I wasn’t raised in a body positive home, and we all still live in a not-yet-fully-body positive or sex positive society. I definitely have had to overcome a lot of social conditioning to be able to love myself the way I do now, and from time to time I’ll probably still do things I’d rather not, like disparage how I look before deciding if it’s “OK to leave the house like this.” However, I’ll make sure that on balance, the majority of what I say about and do for myself is positive, and I’ll talk about it when it’s not. That way, they’ll know that even if someone is mean to them about their bodies, or they feel insecure, that it’s OK, and that they can always step back into a place of self-love.

There’s A Reason We Don’t Own A Scale


While I’ve fortunately never struggled with a full-fledged eating disorder, I know how much the scale can disorder my thinking about my body, and refocus my attention on staying within a certain numerical range versus checking in with how I feel mentally, physically, and emotionally. I don’t want to feel beholden to a number that says very little about my health, and nothing at all about my worth as a person, so that’s why there’s no scale in our home. How we feel is more important than how much we weigh.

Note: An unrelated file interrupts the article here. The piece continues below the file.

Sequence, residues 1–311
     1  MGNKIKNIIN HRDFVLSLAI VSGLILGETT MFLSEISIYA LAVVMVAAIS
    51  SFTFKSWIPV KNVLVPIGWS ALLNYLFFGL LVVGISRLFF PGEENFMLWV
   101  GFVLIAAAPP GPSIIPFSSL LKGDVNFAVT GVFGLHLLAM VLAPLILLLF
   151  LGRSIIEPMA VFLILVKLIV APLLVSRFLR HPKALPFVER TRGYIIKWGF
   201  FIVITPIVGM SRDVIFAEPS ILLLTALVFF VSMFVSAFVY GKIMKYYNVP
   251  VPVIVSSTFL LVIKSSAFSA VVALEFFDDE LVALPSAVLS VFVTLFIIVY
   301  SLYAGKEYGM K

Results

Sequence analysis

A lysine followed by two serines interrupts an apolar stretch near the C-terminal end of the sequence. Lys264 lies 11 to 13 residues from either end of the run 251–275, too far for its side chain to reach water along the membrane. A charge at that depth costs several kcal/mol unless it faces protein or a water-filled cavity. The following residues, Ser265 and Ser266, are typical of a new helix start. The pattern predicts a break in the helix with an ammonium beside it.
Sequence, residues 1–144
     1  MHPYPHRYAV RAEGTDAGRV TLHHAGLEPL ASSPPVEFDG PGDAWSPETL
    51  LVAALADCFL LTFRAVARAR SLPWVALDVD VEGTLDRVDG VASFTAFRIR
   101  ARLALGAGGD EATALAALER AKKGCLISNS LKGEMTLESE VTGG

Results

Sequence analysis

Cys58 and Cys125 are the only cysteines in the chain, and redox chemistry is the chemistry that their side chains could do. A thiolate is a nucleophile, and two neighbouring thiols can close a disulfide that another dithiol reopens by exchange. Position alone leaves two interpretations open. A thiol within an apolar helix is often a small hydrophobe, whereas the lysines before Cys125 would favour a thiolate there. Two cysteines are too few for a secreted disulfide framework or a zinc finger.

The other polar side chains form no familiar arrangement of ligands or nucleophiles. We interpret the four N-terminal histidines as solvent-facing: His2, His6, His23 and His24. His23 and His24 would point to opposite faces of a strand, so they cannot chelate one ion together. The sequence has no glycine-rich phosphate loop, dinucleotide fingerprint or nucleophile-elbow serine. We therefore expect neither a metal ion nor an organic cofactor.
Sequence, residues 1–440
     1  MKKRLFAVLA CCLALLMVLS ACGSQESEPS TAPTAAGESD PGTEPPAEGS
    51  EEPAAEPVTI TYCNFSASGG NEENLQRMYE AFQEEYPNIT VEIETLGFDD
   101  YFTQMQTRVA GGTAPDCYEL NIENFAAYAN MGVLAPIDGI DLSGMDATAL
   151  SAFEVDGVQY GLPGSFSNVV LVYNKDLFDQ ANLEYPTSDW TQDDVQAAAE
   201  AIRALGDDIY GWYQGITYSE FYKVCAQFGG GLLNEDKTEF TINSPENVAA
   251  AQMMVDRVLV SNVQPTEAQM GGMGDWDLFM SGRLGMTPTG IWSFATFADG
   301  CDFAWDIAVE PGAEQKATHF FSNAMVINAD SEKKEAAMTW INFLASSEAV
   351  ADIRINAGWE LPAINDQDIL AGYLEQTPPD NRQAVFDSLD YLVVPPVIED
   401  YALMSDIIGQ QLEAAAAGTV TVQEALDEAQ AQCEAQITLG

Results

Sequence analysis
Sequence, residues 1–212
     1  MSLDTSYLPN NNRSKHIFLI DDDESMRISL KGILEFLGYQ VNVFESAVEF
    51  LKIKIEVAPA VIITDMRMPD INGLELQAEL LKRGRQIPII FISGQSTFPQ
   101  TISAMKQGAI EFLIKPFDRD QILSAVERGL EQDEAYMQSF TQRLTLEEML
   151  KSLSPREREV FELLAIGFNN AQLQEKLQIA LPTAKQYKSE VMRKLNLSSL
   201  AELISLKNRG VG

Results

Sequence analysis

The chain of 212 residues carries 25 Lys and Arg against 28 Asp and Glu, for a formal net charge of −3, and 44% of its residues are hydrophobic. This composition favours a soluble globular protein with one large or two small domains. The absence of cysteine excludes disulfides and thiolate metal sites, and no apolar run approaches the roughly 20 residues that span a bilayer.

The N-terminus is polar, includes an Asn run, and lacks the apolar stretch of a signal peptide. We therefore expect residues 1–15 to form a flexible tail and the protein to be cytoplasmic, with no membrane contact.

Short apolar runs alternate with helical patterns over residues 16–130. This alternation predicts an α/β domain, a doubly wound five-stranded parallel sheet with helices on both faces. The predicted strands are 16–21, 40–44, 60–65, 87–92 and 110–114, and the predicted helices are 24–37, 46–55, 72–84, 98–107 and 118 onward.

I Value What I Feel Like Over What I Look Like...


The majority of my comments about my body center on how I feel. “I’m in such a good mood!” or “I feel tired. I didn’t sleep well,” or “Mmm! I’m stuffed.” That’s because I’m more interested in what I feel like than what I look like.

...But I Think I Look Pretty Great, Too


That said, I think I’m beautiful, period. Not “beautiful, for a Black girl,” or “cute, for somebody who’s had a kid,” but beautiful, no asterisks or qualifications whatsoever. Claiming and proclaiming our beauty when we don’t fit every ridiculous cultural standard society puts forth is a radical act. I want my kids to know that I think I’m beautiful, and that it’s OK to consider yourself beautiful. If they catch me strutting or blowing myself kisses in the mirror, I’m cool with that, and I’ll tell them why.

I’m Proud Of My Body


My body made my son. It carries me when our family goes on hikes, and when play at the playground, and engage in all sorts of silliness wherever we are. It helps me enjoy so much of my life, and helps me express how much I love my family. Bodies are amazing, and I’m very proud of mine. I want them to know that so they can feel proud of their bodies, too.